Lebanon taking advantage of the emerging new regional order
by Fady Noun
In his inaugural speech the new head of state addresses all burning issues that affect the Lebanese, from the Taif Agreement to citizenship for immigrants, from the weapons of the resistance to the international tribunal, without false promises or any subterfuge.

Beirut (AsiaNews) – Symbol of Lebanon’s unity and a mosaic of religious confessions, the Lebanese army has once again saved the country from disintegration. Twice before, in 1958 and 1988, its commander became president. On Sunday the country’s National Assembly triumphantly elected Michel Suleiman as the 12th president of independent Lebanon with 118 votes in favour out of 127 present.

In his inaugural speech the new head of state did not leave out any of the burning and controversial issues that have affected the lives of the Lebanese in the last three years, from respect for the Taif Agreement that establishes equality between Christians and Muslims in the government and the top offices of the state to the need to grant citizenship (and the right to vote) to immigrants who want it, as well as issues like the weapons of the resistance, the need for Lebanon not to waste any card it may have, the international tribunal to judge the assassins of former Prime Minister Rafik Hariri and the privileged relations with Syria, which are so crucial for Lebanon’s survival. All this was said in plain language, without any oratory gimmick or false promises, but also without any subterfuge.

When the president-elect raised the issue of exchanging ambassadors with Syria, TV cameras showed an unmoved Syria’s Foreign Minister Walid Moallem, the first top Syrian official to come to Lebanon since Syrian troops pulled out in April 2005, seated near Iranian Foreign Minister Manuchehr Mottaki and his Saudi counterpart Saud al Faisal, both of whom applauded.

Something amazing and almost impossible to comprehend was visible in this coming together of foreign dignitaries for this event. Lebanon’s National Assembly saw representatives from the United States (ten congressmen of Lebanese origin), France (represented by its colourful Foreign Minister Bernard Kouchner), Europe (with Javier Solana), Spain (leading participant in the UN-led international peace keeping force in southern Lebanon) as well as big regional powers like Iran and Turkey (represented by its Prime Minister Tayyip Erdogan), Saudi Arabia, Egypt as well as Qatar whose emir, Hamad bin Khalifa Al-Thani, symbolically co-chaired the session in fulfillment of the Doha Agreement’s first clause, sitting on the left of the Speaker of the chamber.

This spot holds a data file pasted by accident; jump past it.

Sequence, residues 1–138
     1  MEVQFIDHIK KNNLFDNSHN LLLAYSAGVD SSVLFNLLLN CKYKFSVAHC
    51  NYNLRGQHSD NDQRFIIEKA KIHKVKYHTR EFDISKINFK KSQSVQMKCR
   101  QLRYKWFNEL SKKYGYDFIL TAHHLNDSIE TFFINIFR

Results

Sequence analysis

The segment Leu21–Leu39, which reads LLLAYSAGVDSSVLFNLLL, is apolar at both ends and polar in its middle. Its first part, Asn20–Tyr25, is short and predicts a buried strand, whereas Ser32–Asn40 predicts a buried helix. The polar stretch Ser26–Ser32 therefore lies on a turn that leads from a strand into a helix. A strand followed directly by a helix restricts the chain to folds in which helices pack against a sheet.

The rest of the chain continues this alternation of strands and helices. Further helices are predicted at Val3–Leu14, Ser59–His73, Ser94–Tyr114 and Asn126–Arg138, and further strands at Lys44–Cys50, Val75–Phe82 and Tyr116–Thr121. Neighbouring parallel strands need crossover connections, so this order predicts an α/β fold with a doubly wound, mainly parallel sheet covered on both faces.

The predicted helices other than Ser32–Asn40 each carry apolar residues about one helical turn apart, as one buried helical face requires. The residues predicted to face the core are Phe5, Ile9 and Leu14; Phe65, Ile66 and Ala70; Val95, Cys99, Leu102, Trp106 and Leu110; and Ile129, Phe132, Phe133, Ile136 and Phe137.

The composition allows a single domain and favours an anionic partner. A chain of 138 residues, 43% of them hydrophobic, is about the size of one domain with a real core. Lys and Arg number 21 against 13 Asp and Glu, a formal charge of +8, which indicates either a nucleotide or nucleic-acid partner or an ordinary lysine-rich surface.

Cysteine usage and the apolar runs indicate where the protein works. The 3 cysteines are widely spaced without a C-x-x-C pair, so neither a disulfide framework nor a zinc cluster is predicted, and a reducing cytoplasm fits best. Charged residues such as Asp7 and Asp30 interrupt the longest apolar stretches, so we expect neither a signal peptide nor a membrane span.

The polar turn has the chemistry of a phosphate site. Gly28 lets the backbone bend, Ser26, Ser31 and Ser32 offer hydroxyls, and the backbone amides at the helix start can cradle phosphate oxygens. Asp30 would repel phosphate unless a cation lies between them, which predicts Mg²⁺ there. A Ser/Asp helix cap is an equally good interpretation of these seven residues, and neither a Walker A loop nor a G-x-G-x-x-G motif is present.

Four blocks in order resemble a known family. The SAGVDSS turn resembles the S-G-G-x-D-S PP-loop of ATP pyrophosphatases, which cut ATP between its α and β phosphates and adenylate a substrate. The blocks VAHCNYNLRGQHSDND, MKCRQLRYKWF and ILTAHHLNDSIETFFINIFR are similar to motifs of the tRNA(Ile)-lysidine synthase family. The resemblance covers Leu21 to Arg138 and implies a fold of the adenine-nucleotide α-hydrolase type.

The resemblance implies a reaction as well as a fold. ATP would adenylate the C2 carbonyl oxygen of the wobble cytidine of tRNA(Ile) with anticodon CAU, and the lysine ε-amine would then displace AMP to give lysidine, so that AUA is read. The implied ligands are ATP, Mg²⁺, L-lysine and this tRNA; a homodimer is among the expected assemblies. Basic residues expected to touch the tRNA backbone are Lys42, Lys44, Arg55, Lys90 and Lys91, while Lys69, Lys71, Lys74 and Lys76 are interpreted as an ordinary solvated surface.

Is there a Middle Eastern Yalta in the making as a result of the Doha Agreement and Michel Suleiman’s election? One may be tempted to say yes given the backing for the new dispensation. Indeed, in a highly symbolic gesture the new president received a phone call from his Syrian counterpart. Similarly, by stressing the direct link between Lebanon and its Arab environment, the Iranian minister actually acknowledged that “maintaining peace and quiet in this country means maintaining peace and quiet in the entire region.”

This means that if we want to understand what happens in Lebanon we must pay attention to what happens in the region, including Palestine, Iran and Turkey. For the Lebanese there are no doubts that the Doha Agreement that ended 18 months of government crisis was linked to the indirect Turkish mediated peace talks currently underway between Israel and Syria.

As they have done before sceptical Israeli settlers on the Golan and the West Bank can say they have seen this before; however, the tone adopted by Syrian daily Teshreen, which talks about “prudent optimism”, bodes the opposite. An indirect confirmation of such optimism comes from former Israeli Chief of the General Staff Ehud Barak who said that in case the Golan is returned to Syria Israel will know how to defend its borders.

In response to questions raised in Tel Aviv Damascus has however reiterated that ties between Syria and Iran are “non-negotiable,” thus showing how difficult negotiations between Israel and Syria will be since Damascus remains an unconditional ally of the Iranian regime whose president keeps on predicting the imminent “end of Israel,” knowing full well that neither Washington nor Tel Aviv can allow Tehran to get its hands on nuclear weapons.

This digression on Iran may seem of little use but that is not the case. Peace talks between Israel and Syria will certainly have repercussion on Hizbollah’s position, its place and role in internal Lebanese politics, hence on Lebanon’s stability. In fact, this is already being felt right now by what is actually taking place. Undoubtedly a new regional order is emerging from which Lebanon is taking advantage.

Will the Lebanese be able to reap any benefits from these opportunities and consolidate their democracy? Will they prove capable of adopting much needed political, economic and military reforms to ensure their country’s stability by the time the next regional crisis comes along? For a start, will they calmly address the next steps envisaged by the Doha agreement?

This accord calls for the creation of a national unity government and fresh parliamentary elections next spring. The president has clearly said in his inauguration speech that democracy is based on the principle that parties can take turns in governing. This is a relief for the current majority which the opposition views as unrepresentative. But it is also a challenge everyone must face in anticipation of the May 2009 elections and the future.

Under its new president Lebanon will have to build institutions that reflect both its diversity and unity by adopting a modern electoral law and promoting a culture of national unity.